Like many students, Namika Sakai enjoys hanging out with friends, works hard in her classes and worries about her grades. But, similar to the 124 other international students enrolled at Clark College this quarter, Sakai finds her life to be quite different from that of the average American student as she faces the challenges of finding places to live and work that are unique to international students.
Clark’s international students are required to enroll in three consecutive 12-credit quarters and must also prove that they have enough money to live in the United States while attending school. With tuition for international students being almost triple that of in-state residents, this means having almost $20,000 readily available to cover health insurance, books and supplies, housing, meals and other expenses, according to the Office of International Programs. Few scholarships are available and international students can’t legally work outside the college.
The growing competition for rental housing is likely to drive those costs even higher. In September 2015, ApartmentList.com, a non-profit apartment aggregator, reported that Vancouver, with a 14.3 percent increase in the median two-bedroom rent, has had the largest increase in rent prices year-over-year in the nation. A two-bedroom apartment in Vancouver now costs about $1,050, according to the site.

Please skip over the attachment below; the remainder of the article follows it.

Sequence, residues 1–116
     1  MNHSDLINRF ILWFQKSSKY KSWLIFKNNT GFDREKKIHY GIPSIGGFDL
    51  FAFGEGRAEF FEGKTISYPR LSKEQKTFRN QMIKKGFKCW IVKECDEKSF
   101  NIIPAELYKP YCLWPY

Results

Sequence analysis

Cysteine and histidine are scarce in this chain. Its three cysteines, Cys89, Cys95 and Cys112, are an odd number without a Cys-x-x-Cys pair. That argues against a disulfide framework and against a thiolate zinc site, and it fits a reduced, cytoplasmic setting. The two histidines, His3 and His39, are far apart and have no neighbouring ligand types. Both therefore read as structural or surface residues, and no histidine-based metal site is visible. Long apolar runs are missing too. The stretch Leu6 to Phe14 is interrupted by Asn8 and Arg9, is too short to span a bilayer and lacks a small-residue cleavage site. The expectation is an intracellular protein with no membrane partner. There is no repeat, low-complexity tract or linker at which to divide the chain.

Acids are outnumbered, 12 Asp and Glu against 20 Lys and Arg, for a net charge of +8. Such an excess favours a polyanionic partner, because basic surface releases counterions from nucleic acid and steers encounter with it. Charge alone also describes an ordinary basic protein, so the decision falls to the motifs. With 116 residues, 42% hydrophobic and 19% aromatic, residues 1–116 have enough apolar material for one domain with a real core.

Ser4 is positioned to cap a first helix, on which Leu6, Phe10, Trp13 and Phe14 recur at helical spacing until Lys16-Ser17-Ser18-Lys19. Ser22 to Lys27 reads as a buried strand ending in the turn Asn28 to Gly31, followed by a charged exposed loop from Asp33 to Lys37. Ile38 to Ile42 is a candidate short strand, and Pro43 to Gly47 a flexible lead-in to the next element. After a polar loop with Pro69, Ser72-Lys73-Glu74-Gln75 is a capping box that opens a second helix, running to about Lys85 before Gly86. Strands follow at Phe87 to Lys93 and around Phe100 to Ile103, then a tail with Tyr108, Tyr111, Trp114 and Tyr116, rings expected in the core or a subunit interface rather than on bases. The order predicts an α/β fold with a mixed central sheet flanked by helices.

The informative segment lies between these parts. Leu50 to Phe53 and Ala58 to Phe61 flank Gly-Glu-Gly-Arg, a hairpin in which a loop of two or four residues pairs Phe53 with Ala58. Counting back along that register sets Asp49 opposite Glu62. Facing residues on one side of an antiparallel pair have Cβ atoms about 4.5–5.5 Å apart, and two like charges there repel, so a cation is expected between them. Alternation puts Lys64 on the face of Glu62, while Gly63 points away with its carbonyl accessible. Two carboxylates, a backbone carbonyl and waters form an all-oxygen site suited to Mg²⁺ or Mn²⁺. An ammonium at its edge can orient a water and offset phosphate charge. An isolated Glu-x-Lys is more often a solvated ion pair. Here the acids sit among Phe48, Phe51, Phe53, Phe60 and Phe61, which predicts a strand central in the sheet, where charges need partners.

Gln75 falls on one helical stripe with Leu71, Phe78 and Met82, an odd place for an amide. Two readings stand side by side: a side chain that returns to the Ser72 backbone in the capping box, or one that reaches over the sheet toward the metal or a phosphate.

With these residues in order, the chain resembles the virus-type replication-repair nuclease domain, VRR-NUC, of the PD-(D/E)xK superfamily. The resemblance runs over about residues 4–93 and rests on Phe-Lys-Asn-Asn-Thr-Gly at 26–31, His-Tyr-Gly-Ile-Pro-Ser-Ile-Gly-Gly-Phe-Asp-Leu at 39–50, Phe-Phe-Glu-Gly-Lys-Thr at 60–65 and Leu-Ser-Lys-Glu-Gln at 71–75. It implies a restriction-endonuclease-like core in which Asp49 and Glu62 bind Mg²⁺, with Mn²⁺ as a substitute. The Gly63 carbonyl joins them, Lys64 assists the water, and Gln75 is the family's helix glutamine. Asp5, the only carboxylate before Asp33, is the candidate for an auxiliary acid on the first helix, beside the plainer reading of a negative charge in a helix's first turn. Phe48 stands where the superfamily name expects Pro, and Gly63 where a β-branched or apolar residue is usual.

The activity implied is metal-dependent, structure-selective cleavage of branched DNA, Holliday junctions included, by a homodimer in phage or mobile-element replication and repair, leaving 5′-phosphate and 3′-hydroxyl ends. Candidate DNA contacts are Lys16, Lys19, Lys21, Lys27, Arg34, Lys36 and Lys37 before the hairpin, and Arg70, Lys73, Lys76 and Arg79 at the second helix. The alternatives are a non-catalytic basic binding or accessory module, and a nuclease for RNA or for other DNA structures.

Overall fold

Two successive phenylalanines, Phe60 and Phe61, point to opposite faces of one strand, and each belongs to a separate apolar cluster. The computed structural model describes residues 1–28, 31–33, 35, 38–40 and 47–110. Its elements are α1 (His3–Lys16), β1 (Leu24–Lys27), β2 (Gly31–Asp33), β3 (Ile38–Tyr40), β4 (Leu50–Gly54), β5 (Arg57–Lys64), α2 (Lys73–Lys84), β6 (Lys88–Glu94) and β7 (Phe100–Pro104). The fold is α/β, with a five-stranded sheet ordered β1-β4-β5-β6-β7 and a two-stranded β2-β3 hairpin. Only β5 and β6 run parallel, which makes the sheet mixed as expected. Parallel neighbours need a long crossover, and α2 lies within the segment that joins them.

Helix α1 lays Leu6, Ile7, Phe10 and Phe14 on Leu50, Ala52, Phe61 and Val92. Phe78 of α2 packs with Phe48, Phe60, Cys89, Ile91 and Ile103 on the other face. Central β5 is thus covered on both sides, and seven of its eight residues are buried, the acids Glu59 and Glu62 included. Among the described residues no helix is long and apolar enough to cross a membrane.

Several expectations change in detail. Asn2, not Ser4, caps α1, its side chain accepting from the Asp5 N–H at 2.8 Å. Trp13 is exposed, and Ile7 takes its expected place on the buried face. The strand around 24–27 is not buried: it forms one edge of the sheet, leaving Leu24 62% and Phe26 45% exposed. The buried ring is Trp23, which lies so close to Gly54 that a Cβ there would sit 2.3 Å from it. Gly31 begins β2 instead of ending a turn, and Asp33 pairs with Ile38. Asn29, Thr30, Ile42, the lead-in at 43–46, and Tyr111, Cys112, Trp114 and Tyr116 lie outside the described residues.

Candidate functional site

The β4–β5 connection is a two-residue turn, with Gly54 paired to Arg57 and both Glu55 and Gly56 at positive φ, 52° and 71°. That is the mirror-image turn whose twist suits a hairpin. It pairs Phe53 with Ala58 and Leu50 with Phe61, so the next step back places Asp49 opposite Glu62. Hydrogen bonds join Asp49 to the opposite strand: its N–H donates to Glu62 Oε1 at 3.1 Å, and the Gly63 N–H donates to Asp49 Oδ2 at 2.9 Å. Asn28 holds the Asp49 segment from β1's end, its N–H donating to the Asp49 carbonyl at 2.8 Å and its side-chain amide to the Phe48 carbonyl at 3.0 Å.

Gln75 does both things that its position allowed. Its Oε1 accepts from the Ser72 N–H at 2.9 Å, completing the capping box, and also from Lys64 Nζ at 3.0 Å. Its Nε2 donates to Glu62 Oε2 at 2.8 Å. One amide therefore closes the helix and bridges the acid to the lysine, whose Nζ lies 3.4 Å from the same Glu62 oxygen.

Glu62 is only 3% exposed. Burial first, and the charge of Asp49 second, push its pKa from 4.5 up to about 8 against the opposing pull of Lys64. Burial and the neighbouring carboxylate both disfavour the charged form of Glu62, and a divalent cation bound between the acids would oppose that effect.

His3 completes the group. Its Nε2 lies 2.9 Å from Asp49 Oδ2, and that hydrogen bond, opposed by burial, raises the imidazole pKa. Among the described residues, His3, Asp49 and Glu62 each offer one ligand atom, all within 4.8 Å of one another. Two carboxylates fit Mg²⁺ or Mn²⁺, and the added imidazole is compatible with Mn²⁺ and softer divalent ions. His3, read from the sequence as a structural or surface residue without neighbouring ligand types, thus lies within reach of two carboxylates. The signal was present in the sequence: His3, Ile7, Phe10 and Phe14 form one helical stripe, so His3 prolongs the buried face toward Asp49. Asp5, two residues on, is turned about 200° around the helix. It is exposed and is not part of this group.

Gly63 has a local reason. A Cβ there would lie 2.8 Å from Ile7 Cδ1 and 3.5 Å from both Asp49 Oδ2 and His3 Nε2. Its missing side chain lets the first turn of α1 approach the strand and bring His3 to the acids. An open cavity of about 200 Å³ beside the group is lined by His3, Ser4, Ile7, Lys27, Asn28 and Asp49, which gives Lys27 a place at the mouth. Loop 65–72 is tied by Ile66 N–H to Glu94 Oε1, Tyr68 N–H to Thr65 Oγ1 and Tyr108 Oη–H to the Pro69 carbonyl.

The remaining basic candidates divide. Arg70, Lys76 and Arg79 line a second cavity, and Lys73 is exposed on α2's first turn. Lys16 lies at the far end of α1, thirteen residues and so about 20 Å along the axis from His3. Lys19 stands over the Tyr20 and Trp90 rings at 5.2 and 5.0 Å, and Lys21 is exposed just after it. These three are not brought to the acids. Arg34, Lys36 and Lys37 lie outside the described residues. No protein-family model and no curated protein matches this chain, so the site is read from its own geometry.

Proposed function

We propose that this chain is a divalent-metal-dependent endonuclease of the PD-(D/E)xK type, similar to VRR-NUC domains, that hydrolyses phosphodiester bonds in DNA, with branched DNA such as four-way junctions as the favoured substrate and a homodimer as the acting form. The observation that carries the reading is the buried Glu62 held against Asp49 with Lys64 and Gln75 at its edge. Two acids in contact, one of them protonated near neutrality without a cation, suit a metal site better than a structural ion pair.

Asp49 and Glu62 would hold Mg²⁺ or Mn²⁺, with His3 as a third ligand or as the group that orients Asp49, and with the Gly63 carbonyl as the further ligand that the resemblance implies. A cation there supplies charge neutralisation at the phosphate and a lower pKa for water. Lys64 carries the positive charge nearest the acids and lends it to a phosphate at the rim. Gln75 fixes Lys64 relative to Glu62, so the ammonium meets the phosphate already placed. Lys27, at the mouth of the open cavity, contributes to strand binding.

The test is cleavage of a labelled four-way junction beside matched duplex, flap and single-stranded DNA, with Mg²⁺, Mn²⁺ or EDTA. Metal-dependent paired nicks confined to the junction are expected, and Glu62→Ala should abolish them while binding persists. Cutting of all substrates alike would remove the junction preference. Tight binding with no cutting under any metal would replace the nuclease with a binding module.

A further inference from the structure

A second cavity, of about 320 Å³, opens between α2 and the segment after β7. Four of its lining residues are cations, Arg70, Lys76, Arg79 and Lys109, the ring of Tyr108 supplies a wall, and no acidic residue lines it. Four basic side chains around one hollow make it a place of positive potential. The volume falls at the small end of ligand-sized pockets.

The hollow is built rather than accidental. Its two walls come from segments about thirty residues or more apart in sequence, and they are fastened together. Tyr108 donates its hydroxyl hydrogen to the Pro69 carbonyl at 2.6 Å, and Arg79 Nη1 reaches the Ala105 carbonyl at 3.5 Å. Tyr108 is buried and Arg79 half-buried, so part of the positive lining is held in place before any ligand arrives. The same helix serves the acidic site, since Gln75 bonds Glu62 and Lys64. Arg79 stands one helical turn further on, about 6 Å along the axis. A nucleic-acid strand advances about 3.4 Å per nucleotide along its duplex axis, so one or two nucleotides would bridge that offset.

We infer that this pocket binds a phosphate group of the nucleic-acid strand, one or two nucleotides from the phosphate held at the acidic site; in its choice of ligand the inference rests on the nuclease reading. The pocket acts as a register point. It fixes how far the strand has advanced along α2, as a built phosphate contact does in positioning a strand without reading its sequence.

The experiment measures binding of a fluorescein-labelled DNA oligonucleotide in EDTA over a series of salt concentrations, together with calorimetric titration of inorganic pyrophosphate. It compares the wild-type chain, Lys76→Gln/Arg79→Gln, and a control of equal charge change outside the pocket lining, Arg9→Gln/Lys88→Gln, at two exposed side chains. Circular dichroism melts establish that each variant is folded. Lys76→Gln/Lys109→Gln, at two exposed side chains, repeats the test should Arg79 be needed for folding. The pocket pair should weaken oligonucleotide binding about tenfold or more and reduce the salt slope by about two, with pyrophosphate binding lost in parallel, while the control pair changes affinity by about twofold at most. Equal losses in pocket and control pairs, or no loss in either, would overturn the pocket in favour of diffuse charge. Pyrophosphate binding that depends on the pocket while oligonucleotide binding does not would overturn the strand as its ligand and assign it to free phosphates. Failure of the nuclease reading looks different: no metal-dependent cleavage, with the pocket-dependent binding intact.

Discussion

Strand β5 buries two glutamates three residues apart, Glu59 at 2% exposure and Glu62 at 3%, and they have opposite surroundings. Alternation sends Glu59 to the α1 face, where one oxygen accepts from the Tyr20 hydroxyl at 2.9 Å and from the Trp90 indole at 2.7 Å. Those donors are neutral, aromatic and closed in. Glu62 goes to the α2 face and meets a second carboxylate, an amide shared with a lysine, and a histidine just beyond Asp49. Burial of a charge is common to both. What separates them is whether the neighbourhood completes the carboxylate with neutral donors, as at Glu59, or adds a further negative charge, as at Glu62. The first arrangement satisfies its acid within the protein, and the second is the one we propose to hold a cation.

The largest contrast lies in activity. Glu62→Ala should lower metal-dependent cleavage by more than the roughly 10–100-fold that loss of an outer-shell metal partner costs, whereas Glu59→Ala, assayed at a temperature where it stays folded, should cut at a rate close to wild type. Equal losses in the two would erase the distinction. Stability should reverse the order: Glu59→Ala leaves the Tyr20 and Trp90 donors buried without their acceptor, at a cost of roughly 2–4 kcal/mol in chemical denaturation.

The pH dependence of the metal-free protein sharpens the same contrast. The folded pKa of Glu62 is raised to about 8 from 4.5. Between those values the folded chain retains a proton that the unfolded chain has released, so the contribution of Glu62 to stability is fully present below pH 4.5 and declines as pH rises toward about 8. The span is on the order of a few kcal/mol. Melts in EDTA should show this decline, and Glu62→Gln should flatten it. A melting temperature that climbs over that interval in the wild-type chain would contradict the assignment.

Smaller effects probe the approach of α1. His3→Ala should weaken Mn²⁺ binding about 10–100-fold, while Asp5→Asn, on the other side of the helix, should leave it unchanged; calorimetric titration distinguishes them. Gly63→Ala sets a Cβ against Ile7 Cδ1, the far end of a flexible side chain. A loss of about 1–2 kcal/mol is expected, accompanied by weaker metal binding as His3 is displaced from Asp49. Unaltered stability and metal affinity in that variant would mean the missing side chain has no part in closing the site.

Beginning next spring, Clark international students will have the option of renting an apartment within walking distance of the college, said Elie Kassab, CEO of Prestige Development, a Vancouver-based development firm that aims “to provide services for underserved communities.” With construction set to begin this May, Prestige Development is working on a two-building project entitled “Our Heroes Place” at the southwest corner of the intersection of Mill Plain Boulevard and Interstate 5 that will be feature 25 apartments available to everyone, including international students.
When renting an apartment, students are usually required to show specific documentation, such as proof of income and a credit score, which international students don’t always have. That is why Kassab is creating a place for international students to live and study without requiring the typical documentation. Kassab is planning to test this program with a few Clark students to see how it goes.